Amid Messy Rape Scandal, Persian Jews Back Katsav
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Amid Messy Rape Scandal, Persian Jews Back Katsav

With Moshe Katsav facing accusations of rape and sexual misconduct, Iranian American Jews are lining up to provide moral and financial support for Israel’s Iranian-born president.

Even as critics call for Katsav’s impeachment, Iranian Jews in Los Angeles and New York are citing community honor and faith in backing him.

“President Katsav upgraded the image of Persians in Israel, and for that we should be supportive of efforts now to make sure the truth comes out about his case rather than judging him and jumping to conclusions,” said Jimmy Delshad, a Jew who became the top Iranian-American official in the United States when he was elected mayor of Beverly Hills in March

Katsav stepped aside temporarily in January after Attorney General Menachem Mazuz said it was likely he would charge him with sexual misconduct, including rape, as well as fraud, harassing a witness and obstructing justice.

Katsav has not been formally indicted, and has said he will resign if charged. If convicted of rape, Katsav faces up to 16 years in prison.

Katsav has lashed out bitterly against his critics in politics and the media.

Though few formal activities have been planned, Iranian Jewish leaders in Southern California

have been meeting regularly behind closed doors since the end of Passover to discuss how to support Katsav.

“Many in the community here know President Katsav on a personal basis,” said Sam Kermanian, secretary general of the Los Angeles-based Iranian American Jewish Federation. “The feeling is that he is not the type of person who is capable of committing the sorts of crimes attributed to him.”

Ebrahim Yahid, a Los Angeles resident and a friend of Katsav for 40 years, said the allegations do not seem to match the man they know.

“The news was a major shock for our community, and many of us who know him personally cannot believe the accusations,” Yahid said. “Our community must support President Katsav because the prestige of the community is at stake.”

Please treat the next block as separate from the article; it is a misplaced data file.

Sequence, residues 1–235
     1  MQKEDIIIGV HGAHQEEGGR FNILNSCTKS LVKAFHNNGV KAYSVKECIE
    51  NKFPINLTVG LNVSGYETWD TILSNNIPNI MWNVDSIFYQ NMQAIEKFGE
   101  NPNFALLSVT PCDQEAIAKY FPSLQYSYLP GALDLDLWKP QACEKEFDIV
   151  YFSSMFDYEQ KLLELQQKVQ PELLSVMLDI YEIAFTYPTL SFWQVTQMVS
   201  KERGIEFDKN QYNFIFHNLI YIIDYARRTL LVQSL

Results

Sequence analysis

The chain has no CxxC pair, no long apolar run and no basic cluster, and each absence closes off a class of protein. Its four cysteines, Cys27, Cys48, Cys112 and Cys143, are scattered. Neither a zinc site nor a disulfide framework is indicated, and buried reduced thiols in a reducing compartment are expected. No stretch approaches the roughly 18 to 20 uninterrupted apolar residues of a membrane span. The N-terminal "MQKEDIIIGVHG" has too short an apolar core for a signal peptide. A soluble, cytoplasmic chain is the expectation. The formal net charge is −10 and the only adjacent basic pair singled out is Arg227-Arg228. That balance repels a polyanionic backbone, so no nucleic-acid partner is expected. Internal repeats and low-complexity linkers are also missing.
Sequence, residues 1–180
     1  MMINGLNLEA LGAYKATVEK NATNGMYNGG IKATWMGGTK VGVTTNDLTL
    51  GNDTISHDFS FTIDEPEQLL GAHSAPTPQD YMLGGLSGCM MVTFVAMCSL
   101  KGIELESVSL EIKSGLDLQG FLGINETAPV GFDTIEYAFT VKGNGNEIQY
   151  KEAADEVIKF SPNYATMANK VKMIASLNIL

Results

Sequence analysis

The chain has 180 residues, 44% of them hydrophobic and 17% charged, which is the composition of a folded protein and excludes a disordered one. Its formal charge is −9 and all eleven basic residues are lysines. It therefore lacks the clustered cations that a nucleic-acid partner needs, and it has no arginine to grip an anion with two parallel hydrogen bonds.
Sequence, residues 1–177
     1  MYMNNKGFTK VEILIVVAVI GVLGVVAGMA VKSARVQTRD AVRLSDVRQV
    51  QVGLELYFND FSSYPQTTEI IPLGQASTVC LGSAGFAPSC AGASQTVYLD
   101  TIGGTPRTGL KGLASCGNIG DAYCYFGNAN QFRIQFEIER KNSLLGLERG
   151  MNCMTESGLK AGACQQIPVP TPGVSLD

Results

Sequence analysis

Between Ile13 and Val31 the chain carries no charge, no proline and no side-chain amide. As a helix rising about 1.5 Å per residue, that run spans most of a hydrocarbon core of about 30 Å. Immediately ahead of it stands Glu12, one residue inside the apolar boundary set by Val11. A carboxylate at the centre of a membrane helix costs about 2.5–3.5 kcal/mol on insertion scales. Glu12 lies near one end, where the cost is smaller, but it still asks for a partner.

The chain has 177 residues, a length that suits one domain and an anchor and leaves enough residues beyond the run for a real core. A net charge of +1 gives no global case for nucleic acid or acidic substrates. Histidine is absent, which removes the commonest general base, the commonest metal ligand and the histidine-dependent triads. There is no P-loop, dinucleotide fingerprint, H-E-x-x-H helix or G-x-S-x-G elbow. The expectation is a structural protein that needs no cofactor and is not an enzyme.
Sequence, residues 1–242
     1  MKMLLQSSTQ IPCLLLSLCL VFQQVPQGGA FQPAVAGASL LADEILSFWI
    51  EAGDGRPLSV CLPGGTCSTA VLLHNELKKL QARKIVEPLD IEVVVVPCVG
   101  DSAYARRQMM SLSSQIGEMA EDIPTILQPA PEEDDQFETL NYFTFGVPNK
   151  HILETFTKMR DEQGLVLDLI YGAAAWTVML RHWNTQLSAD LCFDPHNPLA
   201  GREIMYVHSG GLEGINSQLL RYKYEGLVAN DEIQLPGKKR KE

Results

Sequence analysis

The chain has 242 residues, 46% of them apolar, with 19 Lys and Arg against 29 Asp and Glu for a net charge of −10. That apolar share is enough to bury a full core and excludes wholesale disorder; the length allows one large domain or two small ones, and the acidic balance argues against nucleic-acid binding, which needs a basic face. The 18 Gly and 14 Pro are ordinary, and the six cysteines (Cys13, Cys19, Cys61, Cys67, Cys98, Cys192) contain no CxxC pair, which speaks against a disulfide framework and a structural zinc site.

That support appears to be financial as well. In March, the Ma’ariv newspaper in Israel reported that Katsav had created a nonprofit organization to lobby Iranian-American Jews to help finance his legal defense fund. Iranian Jewish leaders in Los Angeles confirmed that a nonprofit group was set up on Katsav’s behalf, but said no lobbying had taken place.

Kermanian said Iranian Jewish groups in the United States and members of Katsav’s camp in Israel came together almost simultaneously to discuss efforts to raise money for his attorneys’ fees.

“The Iranian-American Jewish community feels very strongly that President Katsav must have the opportunity to mount a comprehensive investigation,” Kermanian said. “As such, many of his friends within the [U.S.] community have been urging him to establish such a legal defense fund.”

The scandal began in July, when Katsav told Mazuz he was being blackmailed by a woman accusing him of sexual assault. Since then, government investigations turned up 11 other women accusing Katsav of sexual misconduct.

In March, a Knesset committee voted against impeaching Katsav. Knesset Speaker Dalia Itzik is filling in as president during his suspension, which is to end April 23.